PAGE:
top of page

ALERT — Men's Mental Health

Using a simple acronym, learn how the word "alert" can help save a life.

Men’s mental health is an issue that needs more of a spotlight. Men are struggling silently and suffering as a result. Globally, on average one man dies by suicide every minute.

In the United States, 3 out of 4 suicides are completed by men.

What is the issue?

We need to first acknowledge that this is a problem and there has to be more of a solution-focused discussion on men’s mental health needs. Early intervention will provide men with skills and tools to address their needs.

The solution

The simple solution is that we need to get men talking about their mental health. My goal is to promote the conversation around depression, anxiety, and other mental health struggles. Men deal with these problems; this is not just something that women or non-binary individuals experience. For instance, women are twice as likely to participate in outpatient therapy than men, yet men are still suffering significantly.

What do I do if I notice the young man or man in my life seems off?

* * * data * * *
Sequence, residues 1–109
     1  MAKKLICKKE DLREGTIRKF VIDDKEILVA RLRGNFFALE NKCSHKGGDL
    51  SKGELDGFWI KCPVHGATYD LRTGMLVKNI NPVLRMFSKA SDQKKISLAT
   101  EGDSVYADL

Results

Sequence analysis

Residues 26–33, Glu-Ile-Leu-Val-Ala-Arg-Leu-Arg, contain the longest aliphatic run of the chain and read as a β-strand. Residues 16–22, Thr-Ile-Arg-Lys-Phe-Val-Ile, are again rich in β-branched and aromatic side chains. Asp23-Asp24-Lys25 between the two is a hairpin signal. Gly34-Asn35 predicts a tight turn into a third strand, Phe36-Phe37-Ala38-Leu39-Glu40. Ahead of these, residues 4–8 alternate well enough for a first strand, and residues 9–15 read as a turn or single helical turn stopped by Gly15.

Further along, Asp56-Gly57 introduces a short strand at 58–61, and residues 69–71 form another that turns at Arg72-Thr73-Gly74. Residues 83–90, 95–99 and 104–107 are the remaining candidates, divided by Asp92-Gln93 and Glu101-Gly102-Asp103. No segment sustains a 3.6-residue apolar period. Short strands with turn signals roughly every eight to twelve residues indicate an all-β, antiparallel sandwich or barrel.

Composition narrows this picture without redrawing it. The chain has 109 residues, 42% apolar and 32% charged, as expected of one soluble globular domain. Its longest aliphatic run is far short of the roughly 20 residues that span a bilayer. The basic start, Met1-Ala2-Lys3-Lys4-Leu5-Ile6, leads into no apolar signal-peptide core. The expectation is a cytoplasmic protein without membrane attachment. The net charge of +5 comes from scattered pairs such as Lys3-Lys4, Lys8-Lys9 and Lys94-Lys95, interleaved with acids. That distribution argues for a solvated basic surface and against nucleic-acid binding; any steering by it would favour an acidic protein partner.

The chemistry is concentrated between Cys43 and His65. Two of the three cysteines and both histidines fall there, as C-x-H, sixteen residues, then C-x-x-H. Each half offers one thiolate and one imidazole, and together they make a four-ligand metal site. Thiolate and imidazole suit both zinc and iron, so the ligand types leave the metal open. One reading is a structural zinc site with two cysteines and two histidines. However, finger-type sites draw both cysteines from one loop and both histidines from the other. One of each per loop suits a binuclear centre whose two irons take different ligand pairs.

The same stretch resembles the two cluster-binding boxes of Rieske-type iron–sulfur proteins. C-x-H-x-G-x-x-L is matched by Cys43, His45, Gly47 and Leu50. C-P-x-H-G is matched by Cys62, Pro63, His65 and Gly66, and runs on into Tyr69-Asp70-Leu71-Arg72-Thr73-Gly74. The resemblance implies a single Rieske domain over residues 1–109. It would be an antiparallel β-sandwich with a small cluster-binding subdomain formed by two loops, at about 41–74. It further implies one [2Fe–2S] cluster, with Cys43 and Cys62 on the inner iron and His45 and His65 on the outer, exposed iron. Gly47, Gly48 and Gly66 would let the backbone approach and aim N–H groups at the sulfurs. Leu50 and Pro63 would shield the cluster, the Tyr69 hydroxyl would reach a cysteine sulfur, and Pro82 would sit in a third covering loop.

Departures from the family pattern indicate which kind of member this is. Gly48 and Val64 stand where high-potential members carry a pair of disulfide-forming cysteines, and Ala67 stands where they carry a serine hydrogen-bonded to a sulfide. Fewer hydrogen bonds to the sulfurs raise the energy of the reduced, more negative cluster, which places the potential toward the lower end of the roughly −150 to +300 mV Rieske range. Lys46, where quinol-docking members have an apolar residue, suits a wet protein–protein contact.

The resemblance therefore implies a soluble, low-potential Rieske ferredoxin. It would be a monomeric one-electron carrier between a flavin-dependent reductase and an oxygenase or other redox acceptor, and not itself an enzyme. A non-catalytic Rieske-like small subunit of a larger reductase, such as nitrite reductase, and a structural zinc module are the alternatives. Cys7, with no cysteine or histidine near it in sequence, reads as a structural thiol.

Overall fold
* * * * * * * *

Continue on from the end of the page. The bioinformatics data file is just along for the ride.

We often make assumptions about what is going on, how people are feeling, and we often never ask the question. If you think that your son/brother/boyfriend/husband seems off, check in with them and ask how they are doing. There’s no harm in checking in and asking this simple but important question.


Without judgment, just listen to them. Men struggle with talking. It’s not in our nature to openly discuss our feelings (you can blame this on unspoken societal expectations). Don’t come up with solutions; those will come, be patient! Try to hear what is going on for him and listen for themes.


Many get empathy and sympathy wrong. Simply put, sympathy is “I feel sorry for you”. When you sympathize, you separate yourself from the other person’s emotions. Picture yourself standing facing this person. Empathy is, “this really sucks!”. Empathy shows that you are feeling along with them. Focus on expressing empathy; this will show that you care and that they are being heard.


Respond by reflecting on the content of what he said. Don’t jump to solutions just yet! By responding to the content, you are showing him that you’ve listened and you are rewarding his vulnerability.

Take Action

Now’s the time to take action. Were there any solutions that he brought up? If not, ask “How can I help?” or “What can we do to address this?”. By asking these open-ended questions you are trying to evoke action that is driven by him. Now you can provide answers, especially if it means you can help guide him toward a positive path forward.


bottom of page